Red Hen Bistro's made-from-scratch menu revolves around the fresh, seasonal meats, fish, and produce in French and Californian cuisine. Francophiles will feel conflicted in trying to select only one dish, be it the croque madame, an upscale ham-and-cheese sandwich topped with a sunny-side-up egg ($10.95), or the salad nicoise, a hearty helping of organic greens crowned with roasted potatoes and hard-boiled eggs ($8.95). California dreamers can sample West Coast–inspired temptations such as tamales with braised pork ($8.95) and fish tacos served in crisp tortillas ($9.95). Simplicity seekers can opt for the tomato soup and grilled cheese ($9.95) while enjoying the restaurant’s attention to detail—evident in both the food and front-of-house service. With rich-red walls, large windows boasting street views, and touches of French country charm, Red Hen Bistro exudes an air of casual intimacy, though lacy nightclothes are discouraged.
Epernay’s executive chef Jayson Grossberg trained under legendary French chef Jean-Louis Palladin before attending New York’s Culinary Institute of America. Grossberg has used his pabulum-preparing powers for good and not evil, recently redesigning Epernay’s menu to add flavorful new dishes, such as the summer gazpacho with crab meat and lime ($10.95). Fresh-caught mussels come in three broths, such as the “a la Linda” with saffron and tomato ($15.95 single serving, $19.95 shared platter). If you'd like to keep your meal as light at a globetrotting eccentric's hot-air balloon, try a juicy beet salad with summer melon, arugula, and feta cheese ($10.95). Reward your stomach for keeping quiet during last night’s visit to the opera with an entree such as caramelized sea scallops with sweet corn, bacon, and tomato ($26.95). Or delve into the crispy duck breast with wild mushrooms, pistachios, and asparagus soaking in a sundried blueberry jus ($26.95) to enjoy a culinary harmony unseen since the California Raisins dominated the airwaves.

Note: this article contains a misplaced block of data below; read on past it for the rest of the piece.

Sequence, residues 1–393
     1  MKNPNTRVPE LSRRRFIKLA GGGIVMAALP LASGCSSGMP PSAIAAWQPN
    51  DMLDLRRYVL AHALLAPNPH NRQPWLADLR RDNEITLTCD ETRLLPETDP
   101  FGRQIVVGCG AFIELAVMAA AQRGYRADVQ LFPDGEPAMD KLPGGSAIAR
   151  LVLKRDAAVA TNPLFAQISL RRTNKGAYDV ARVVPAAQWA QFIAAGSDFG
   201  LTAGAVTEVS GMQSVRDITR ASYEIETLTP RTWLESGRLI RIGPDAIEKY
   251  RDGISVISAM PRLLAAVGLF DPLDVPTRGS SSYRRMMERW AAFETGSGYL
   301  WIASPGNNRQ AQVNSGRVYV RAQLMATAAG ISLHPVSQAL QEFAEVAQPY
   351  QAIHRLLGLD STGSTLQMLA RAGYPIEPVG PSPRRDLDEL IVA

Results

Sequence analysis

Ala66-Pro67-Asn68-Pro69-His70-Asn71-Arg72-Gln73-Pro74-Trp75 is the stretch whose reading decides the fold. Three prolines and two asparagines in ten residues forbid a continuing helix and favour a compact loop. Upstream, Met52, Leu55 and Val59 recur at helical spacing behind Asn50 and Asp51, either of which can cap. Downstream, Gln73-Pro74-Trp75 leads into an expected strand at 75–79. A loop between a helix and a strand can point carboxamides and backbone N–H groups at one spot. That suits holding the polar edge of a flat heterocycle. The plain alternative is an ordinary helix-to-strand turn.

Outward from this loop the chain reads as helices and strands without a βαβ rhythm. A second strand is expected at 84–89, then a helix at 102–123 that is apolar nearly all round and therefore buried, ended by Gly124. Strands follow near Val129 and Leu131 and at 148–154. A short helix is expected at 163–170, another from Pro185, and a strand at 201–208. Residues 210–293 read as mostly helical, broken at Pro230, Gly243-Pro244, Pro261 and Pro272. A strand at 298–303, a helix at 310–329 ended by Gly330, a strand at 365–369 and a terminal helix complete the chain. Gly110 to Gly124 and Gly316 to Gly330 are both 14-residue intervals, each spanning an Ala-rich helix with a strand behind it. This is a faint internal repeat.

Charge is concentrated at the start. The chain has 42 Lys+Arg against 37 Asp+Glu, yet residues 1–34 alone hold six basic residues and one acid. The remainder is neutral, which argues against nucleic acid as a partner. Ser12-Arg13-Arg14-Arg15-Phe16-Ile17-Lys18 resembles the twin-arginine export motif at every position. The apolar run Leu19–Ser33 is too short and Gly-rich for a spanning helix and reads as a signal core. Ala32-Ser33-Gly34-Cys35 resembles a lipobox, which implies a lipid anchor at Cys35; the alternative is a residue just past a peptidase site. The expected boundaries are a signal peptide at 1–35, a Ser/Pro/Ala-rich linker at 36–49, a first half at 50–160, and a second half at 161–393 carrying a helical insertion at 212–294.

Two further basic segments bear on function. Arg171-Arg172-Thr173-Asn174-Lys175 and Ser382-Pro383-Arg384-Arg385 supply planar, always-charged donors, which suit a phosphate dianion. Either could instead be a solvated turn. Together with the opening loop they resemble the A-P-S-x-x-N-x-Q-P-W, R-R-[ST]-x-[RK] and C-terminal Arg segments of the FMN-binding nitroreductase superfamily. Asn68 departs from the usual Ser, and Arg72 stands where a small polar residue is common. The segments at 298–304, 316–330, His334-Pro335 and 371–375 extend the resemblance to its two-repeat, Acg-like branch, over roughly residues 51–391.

Chef Thomas Keller is known for his emphasis on local foods. He and his team at Per Se have created a pair of nine-course tasting menus that celebrate the harvests of New York’s farmers. The small plates are designed, somewhat cruelly, to leave diners wishing they had just one more bite of foie gras or poached quince.
Named after an olive native to France and Italy, Picholine fittingly infuses French cuisine with Mediterranean notes. Considering how close the two regions are to one another, this fusion consistently yields surprises, such as a sea-urchin panna cotta with caviar and chilled ocean consommé.
Crepes on Columbus fills its namesake dish—thin, made-to-order pancakes—with sweet and savory ingredients, imbuing each bite with Franco-Spanish flavors. The quaint café’s crepes adapt to any appetite, brimming with rich infusions such as nutella and strawberries or roasted chicken and ratatouille, and serve as emergency head coverings during freak downpours of jams and preserves. The friendly wait staff serves both breakfast and dinner all day, comingling omelets, juicy cuts of meat, and seafood on tabletops, sided with desserts and smoothies.
In describing their restaurant as a “contemporary Parisian bistro,” the staff at Cantine Parisienne commits to juxtaposition, which they cleverly carry out both on the menu and in the dining room’s decor. Traditional French dishes such as cod filet and veal escalope are made alongside New York classics such as club sandwiches and homemade cheesecake. Breakfasts take buffet form with flourishes including organic egg dishes and fresh fruit salad, while handcrafted cocktails and boutique French wines carry a sense of refinement.
Outside the kitchen, the space is designed to take advantage of another Parisian pastime: people watching. Twenty-foot open windows stretch to the high ceiling, allowing natural light to spill atop chrome accents and white-marble tables. Along with the latter, blue and red chairs complete the colors of the French flag and add vibrancy to the room.